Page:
16:45 – 18:00 Dante 005
‘The Intended Consequences of Intention‘
This paper develops a reading of Anscombe’s Intention which sees it as the product of the ethical debates in which Anscombe was engaged between 1956 and 1958, in particular, her opposition to Harry S. Truman’s honorary degree from Oxford University, and her public critique of ‘the spirit of the age’ in her BBC Radio talk ‘Does Oxford Moral Philosophy Corrupt the Youth?’). Through those debates Anscombe came to realise that moral philosophy had lost sight of the distinctive use of the question ‘What is she doing?’, to mark out the class of intentional actions (Intention, sss23, 37). This question, as she saw it, is essential to identifying the nature and quality of an act, a category without which moral philosophy cannot precede.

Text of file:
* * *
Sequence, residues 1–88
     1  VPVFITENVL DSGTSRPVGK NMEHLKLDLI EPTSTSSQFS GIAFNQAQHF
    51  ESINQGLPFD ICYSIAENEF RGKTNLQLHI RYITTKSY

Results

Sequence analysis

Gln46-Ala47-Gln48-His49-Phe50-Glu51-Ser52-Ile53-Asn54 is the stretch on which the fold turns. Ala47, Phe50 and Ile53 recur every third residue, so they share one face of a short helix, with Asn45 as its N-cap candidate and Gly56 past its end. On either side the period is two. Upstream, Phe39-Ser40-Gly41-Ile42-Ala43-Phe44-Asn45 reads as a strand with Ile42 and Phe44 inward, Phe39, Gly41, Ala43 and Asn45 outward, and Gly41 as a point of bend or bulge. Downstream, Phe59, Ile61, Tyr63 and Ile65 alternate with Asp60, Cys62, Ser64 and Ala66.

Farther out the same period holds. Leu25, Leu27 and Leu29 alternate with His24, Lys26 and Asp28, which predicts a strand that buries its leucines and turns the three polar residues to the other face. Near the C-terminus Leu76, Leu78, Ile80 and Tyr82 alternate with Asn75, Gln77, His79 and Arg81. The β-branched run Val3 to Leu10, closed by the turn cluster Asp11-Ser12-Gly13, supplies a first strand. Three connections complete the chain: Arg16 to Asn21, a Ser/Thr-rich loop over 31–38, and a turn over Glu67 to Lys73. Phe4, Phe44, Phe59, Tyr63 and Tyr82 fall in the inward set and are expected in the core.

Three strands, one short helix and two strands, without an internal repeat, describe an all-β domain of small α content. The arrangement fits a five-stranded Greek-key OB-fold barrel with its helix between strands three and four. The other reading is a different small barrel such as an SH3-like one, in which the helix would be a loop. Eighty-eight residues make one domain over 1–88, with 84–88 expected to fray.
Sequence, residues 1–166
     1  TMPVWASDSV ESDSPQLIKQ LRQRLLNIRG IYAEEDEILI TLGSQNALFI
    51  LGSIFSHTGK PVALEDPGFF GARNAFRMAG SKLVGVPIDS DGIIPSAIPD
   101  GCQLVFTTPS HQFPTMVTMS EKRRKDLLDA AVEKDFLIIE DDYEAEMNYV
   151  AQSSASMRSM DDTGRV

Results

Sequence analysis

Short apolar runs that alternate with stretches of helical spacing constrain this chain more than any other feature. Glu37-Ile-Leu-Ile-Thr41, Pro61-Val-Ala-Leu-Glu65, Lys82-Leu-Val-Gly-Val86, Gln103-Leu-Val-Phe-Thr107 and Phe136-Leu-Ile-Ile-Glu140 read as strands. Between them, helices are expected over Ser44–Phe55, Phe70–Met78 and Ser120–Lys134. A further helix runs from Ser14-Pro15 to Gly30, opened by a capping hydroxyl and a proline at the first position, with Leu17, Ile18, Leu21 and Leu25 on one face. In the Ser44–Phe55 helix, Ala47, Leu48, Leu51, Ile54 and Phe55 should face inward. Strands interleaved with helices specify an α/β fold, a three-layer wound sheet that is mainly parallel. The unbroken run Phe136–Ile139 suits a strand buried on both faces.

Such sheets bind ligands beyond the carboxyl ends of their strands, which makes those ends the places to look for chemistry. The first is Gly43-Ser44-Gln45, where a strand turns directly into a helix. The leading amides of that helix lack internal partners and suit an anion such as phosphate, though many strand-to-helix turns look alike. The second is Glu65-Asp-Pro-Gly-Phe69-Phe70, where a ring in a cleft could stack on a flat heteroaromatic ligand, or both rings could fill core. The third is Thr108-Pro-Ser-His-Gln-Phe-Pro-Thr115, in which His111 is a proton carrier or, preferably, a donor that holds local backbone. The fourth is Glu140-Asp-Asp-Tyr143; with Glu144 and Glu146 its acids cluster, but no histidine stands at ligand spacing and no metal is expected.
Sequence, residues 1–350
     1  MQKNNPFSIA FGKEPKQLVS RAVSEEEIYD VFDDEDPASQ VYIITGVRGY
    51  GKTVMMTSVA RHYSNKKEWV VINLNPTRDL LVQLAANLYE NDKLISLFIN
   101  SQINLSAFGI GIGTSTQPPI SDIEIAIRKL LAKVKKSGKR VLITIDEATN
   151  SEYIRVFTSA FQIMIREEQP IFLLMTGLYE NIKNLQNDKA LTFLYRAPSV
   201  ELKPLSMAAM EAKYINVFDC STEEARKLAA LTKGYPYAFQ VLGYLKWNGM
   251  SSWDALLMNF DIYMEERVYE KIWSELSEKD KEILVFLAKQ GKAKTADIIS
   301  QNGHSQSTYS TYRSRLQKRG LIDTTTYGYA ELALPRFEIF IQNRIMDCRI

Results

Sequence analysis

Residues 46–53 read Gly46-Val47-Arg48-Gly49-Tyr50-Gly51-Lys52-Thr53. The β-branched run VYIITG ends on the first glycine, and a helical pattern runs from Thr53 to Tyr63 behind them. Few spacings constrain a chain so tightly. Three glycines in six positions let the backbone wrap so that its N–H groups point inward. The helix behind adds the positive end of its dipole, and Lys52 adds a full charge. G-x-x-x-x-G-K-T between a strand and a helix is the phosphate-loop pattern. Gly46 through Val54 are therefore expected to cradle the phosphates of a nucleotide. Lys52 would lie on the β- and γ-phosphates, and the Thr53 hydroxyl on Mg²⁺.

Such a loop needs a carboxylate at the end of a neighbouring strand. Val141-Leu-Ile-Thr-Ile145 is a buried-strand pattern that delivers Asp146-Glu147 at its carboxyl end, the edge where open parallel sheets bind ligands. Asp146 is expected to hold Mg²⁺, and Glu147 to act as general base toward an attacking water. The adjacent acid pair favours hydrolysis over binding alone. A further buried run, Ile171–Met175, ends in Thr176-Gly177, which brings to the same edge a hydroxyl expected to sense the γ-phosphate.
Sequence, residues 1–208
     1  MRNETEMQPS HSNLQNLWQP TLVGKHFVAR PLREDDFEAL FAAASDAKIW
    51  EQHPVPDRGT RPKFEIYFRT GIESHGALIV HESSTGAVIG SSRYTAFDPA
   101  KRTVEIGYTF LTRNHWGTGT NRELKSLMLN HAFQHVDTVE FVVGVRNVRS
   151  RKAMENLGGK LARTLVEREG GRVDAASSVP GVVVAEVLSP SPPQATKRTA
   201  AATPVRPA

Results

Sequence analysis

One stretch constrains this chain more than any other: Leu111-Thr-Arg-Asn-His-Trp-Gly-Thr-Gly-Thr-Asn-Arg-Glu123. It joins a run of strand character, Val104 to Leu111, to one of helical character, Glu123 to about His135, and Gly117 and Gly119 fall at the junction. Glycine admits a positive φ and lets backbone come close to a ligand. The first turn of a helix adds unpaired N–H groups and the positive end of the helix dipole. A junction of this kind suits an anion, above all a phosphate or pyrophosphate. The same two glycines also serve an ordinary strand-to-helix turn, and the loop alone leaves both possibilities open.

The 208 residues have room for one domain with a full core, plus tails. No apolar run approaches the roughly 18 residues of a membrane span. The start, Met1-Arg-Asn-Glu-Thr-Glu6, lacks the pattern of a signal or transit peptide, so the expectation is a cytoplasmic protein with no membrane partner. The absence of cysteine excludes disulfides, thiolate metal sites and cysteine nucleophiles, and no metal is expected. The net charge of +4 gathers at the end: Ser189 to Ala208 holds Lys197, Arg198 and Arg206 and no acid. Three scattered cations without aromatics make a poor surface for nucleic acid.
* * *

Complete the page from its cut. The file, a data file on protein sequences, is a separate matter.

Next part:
Once we re-frame Intention as a corrective to this oversight, two things become clear. First, that the widespread view of Intention as offering a novel account of action is mistaken; rather, the insight of Intention “isn’t a philosophical thesis at all” (Anscombe, ‘Under a Description’); second, that that the consequences of Intention for ethics are yet to be appreciated.